As regards age, gender, chronic sensory ataxia, and relapsing brainstem symptoms, our patient is typical, as are his CSF studies, electrophysiology, and neuroimaging. His respiratory deterioration is rare, but not unique. However, his case is remarkable for involuntary facial movements, which are likely due to involvement of facial muscle 1a afferents or proprioceptive trigeminocerebellar fibres, similar to limb sensory ataxia [8]. In CANOMAD infections may trigger relapse [2]. In MFS, vaccinations, drugs, or malignancies are known triggers [3]. Food triggers, as in this case, are hitherto undescribed.

Importantly, this man was initially treated for MFS. MFS is a Guillain Barre variant, which presents with acute sensory ataxia and ophthalmoplegia related to antiGQ1b IgG. Symptoms usually resolve within ten weeks. Relapses are unusual [8]. The clinical presentation clearly overlaps markedly with CANOMAD and this case highlights the need for vigilance for recurrence and retesting of antiganglioside antibodies should recurrence occur.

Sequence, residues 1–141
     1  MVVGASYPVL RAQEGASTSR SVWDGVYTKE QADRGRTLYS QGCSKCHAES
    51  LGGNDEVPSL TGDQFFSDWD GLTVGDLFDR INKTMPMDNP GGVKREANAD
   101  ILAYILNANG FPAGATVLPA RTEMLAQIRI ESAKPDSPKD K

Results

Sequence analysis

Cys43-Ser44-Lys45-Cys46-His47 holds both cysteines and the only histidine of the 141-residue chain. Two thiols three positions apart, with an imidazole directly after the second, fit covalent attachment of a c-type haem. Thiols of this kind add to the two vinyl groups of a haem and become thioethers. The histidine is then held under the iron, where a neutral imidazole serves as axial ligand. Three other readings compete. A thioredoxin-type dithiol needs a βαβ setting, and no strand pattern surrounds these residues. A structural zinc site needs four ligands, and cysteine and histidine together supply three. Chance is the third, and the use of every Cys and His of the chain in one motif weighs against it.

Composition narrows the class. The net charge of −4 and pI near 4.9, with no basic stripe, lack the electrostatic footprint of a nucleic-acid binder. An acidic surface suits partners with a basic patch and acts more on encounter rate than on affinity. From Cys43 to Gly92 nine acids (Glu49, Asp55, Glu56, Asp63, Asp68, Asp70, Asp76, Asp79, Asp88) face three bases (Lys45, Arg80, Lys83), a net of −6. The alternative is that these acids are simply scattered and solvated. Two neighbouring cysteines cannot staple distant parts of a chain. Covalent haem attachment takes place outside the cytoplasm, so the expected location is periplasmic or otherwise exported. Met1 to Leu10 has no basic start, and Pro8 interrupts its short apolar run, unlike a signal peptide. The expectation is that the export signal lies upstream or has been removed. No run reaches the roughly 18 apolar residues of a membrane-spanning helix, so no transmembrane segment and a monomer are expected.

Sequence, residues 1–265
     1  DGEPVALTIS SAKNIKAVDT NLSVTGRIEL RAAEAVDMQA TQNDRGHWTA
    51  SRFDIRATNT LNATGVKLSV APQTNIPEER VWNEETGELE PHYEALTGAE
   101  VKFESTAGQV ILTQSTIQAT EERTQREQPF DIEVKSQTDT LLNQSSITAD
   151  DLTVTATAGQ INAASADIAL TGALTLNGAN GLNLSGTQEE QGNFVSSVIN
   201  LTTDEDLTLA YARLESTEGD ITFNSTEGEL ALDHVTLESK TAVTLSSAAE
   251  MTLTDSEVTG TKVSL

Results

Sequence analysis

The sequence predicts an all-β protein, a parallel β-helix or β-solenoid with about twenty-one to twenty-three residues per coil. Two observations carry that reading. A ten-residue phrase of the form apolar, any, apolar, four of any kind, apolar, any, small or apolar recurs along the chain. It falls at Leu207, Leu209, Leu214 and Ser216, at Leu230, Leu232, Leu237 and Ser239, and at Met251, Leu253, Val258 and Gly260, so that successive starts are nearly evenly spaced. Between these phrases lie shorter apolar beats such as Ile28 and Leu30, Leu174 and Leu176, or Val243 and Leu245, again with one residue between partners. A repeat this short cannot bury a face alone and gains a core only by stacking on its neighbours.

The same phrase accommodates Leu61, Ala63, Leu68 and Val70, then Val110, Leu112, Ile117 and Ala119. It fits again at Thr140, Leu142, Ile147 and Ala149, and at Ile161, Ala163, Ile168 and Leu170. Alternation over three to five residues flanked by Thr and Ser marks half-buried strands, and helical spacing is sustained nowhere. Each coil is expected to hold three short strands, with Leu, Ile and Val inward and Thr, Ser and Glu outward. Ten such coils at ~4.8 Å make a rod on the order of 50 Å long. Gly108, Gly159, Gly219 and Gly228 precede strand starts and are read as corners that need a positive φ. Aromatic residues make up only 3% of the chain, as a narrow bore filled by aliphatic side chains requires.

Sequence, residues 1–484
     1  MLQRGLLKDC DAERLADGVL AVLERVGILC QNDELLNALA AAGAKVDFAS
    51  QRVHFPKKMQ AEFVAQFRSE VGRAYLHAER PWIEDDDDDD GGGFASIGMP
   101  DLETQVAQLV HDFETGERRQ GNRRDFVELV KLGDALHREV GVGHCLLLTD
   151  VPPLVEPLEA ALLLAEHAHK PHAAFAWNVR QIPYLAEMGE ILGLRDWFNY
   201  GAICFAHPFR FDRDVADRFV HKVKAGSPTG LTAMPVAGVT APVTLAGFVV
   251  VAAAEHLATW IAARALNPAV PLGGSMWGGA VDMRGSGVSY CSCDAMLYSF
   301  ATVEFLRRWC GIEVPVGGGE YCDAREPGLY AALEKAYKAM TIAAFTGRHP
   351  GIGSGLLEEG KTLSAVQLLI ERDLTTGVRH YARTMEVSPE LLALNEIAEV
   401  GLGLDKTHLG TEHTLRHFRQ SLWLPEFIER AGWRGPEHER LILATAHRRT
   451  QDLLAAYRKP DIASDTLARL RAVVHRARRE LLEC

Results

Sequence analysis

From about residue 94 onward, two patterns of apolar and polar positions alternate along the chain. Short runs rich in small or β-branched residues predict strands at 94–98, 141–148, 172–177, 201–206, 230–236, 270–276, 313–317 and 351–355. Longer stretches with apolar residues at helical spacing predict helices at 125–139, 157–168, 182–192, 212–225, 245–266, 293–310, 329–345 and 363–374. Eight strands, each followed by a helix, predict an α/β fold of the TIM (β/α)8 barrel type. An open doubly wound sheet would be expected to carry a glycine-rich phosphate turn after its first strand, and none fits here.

The optimal treatment for CANOMAD is unclear. Case reports show variable responsiveness to IVIG, plasmapheresis, rituximab, and prednisone alone or in combination [2, 6, 9, 10]. In this patient, monthly IVIG therapy both induced remission and maintained the patient free from intermittent ocular, bulbar, and respiratory symptoms, albeit with baseline sensory ataxia. The use of IVIG to obtain sustained remission is supported by the case series by Attarian et al. [11].

In summary, we describe a unique case of CANOMAD, with involuntary facial movements and relapses triggered by food. This patient was initially misdiagnosed with MFS. We emphasise the importance of vigilance for recurrent neurological symptoms and the retesting of antiganglioside antibodies in these cases. Our patient responded remarkably to monthly IVIG, supporting the use of this therapy in both the acute and maintenance phases of treatment.

Conflict of Interests

The authors declare no conflict of interests.


The authors would like to thank Department of Neuroimmunology, Southern General Hospital, Glasgow, for running the antibody tests on their blood samples.